Tipping is standard in the better restaurants (count on leaving 10%); elsewhere 5% to 10% of the total is fine. Tipping your guide is an accepted practise. Generally the equivalent of a few dollars a day would be a good tip. Small gifts, such as a bottle of skin cream, a box of chocolates, or a cassette or CD are appropriate if the service has been great.
When to go
Moscow’s climate really consists of two seasons: winter and summer. Russian winter, if you’re prepared, can be adventurous: furs and vodka keep people warm, and snow-covered landscapes are picturesque. A solid snow pack covers the ground from November to March. The lowest recorded temperature is -42°C (-43°F), although it’s normally more like -10°C (14°F) for weeks on end. Occasional southerly winds can raise the temperature briefly to a balmy 0°C (32°F). Days are very short.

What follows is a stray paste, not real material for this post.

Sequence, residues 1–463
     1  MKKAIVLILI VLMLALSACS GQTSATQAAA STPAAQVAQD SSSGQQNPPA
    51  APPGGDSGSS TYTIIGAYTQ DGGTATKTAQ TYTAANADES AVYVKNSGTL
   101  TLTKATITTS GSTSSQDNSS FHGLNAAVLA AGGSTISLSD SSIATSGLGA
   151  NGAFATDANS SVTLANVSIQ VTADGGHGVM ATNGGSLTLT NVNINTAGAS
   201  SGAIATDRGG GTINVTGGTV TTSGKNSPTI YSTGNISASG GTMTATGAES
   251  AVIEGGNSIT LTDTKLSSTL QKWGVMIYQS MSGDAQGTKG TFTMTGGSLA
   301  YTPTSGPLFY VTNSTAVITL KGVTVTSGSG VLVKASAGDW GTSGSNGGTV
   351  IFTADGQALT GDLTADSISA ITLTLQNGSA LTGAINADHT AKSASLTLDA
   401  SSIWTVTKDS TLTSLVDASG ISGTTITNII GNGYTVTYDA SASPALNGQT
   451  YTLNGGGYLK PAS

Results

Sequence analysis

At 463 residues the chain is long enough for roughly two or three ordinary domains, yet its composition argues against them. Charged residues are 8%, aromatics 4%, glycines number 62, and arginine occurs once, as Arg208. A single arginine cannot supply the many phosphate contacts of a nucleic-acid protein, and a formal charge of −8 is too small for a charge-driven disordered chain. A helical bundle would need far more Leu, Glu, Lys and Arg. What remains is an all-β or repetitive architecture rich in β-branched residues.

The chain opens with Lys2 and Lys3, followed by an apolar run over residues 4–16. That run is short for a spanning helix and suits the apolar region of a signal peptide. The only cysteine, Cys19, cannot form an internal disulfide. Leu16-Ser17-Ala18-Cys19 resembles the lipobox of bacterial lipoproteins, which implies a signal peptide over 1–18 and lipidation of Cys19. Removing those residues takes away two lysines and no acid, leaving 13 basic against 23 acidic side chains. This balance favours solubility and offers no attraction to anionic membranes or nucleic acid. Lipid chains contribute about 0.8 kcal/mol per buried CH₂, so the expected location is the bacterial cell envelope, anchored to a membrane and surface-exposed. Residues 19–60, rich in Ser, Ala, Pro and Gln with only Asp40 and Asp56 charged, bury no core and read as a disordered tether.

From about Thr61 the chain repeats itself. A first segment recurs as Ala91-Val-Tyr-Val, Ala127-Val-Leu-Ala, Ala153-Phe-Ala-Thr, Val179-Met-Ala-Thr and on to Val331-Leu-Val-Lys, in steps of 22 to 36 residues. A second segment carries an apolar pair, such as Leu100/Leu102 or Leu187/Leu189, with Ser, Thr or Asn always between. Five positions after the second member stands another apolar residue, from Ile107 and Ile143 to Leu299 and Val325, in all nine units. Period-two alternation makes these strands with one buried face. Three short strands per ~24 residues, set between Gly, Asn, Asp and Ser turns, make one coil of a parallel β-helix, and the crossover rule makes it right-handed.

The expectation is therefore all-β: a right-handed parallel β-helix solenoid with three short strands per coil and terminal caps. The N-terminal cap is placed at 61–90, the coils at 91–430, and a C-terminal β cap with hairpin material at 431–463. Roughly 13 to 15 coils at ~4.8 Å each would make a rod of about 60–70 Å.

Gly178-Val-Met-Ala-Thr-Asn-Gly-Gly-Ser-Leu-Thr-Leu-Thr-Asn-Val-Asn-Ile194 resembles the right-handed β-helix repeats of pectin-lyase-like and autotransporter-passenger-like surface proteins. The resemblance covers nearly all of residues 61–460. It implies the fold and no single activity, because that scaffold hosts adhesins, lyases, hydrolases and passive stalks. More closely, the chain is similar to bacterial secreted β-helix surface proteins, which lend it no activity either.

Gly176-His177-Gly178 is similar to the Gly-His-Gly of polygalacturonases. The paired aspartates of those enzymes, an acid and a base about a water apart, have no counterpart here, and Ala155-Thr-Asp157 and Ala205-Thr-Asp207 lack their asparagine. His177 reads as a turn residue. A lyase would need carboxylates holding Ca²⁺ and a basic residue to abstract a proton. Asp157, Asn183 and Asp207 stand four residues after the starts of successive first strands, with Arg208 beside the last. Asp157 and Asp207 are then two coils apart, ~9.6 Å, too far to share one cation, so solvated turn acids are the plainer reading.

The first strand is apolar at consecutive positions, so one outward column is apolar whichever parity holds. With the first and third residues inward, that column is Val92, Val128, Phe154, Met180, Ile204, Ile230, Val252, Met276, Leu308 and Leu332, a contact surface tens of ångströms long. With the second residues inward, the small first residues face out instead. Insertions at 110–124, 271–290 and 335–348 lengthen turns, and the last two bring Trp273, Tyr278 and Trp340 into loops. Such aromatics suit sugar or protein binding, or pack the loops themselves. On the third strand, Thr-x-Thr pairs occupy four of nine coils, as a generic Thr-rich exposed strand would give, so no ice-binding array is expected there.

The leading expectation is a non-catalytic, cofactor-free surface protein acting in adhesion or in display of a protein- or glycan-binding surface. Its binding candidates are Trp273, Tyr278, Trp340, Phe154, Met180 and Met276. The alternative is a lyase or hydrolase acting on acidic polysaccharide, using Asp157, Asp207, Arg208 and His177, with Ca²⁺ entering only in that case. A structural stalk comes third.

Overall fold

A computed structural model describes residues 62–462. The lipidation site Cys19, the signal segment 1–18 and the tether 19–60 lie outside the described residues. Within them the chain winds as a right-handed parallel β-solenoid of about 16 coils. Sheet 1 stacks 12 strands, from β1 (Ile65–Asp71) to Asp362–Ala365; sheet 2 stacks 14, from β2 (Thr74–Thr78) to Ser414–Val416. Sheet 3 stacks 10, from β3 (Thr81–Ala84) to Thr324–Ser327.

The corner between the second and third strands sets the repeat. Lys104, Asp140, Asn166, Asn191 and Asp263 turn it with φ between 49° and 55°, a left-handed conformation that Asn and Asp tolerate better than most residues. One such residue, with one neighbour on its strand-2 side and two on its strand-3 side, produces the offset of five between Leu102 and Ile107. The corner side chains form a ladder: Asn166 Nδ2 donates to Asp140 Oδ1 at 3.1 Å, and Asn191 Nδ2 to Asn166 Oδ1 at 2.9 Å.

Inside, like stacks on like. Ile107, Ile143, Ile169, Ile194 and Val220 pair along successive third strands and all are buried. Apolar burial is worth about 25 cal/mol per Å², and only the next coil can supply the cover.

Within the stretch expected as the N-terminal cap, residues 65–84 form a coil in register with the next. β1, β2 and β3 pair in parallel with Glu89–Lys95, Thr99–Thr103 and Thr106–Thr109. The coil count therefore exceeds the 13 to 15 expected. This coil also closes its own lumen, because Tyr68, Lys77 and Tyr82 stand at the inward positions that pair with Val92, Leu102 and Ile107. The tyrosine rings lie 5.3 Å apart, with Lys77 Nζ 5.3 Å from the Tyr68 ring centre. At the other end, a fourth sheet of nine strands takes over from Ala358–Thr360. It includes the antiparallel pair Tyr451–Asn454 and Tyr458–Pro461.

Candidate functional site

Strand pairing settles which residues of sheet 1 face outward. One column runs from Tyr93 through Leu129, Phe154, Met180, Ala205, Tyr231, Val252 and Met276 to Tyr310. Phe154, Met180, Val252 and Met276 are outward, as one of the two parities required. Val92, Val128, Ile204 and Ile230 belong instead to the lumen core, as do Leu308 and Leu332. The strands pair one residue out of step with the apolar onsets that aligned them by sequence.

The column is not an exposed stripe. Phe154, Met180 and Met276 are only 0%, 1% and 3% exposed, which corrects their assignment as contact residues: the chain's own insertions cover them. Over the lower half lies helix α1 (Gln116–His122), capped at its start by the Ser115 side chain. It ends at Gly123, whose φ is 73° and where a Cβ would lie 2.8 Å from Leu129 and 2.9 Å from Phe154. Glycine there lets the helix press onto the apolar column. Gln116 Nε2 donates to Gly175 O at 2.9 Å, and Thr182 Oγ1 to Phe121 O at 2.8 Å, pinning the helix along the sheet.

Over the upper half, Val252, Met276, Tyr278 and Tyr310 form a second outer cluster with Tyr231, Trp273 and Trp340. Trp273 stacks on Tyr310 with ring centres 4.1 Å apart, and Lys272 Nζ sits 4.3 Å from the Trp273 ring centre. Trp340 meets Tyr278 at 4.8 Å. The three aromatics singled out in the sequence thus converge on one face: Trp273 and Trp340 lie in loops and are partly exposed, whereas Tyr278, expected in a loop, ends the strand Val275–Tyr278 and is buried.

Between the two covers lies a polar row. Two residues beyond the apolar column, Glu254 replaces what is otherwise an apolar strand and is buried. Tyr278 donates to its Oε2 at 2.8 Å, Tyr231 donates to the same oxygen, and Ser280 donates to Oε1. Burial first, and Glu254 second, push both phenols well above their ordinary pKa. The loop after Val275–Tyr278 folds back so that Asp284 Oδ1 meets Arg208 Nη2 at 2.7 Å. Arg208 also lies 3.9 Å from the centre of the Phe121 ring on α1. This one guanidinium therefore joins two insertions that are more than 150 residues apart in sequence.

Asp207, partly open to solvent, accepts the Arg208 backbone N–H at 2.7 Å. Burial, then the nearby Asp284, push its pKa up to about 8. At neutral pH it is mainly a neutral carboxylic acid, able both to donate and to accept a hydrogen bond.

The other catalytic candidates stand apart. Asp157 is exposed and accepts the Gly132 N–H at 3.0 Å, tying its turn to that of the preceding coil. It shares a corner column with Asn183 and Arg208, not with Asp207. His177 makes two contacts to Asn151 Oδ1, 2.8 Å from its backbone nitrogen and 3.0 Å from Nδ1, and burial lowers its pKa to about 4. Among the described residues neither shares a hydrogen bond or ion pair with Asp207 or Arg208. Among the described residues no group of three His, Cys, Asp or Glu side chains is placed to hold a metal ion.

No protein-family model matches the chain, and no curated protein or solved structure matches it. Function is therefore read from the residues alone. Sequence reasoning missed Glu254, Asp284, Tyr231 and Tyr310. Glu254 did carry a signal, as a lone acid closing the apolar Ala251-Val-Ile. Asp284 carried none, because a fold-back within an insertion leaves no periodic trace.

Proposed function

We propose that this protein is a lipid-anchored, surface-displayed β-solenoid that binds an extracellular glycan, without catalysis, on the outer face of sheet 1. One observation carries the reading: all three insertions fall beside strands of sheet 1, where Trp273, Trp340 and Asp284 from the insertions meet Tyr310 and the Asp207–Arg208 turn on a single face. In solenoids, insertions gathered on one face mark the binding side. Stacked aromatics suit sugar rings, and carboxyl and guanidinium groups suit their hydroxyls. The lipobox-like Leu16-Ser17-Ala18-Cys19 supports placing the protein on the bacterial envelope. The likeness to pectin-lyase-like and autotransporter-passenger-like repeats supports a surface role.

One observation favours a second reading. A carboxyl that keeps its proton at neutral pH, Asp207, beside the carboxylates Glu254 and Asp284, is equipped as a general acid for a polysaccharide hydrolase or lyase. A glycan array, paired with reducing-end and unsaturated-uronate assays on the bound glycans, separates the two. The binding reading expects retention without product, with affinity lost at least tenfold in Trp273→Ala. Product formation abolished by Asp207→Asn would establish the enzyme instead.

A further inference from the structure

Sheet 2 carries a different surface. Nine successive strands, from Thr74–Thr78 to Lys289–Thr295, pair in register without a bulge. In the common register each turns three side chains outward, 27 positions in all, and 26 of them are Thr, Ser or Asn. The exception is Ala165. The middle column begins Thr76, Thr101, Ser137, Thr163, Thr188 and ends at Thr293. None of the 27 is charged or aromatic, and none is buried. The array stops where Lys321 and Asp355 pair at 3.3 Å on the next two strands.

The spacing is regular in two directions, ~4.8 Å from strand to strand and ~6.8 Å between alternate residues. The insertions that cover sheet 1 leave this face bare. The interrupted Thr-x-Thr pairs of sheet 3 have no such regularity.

During the spring thaw – in late March and early April – everything turns to mud and slush. Summer comes fast in May and temperatures are comfortable until well into September. The highest recorded temperature is 39°C (102°F), although on a humid August day you’ll swear it’s hotter than that. July and August are the warmest months and the main holiday season. Train tickets and accommodation can be difficult to come by during these months, and attractions around Moscow tend to be overrun with visitors. They are also the dampest months in Moscow, with as many as one rainy day in three. Rain showers are brief but thunderstorms can be violent. For these reasons, early summer, with its long days, and early autumn, with its colourful foliage, are many people’s favourite seasons.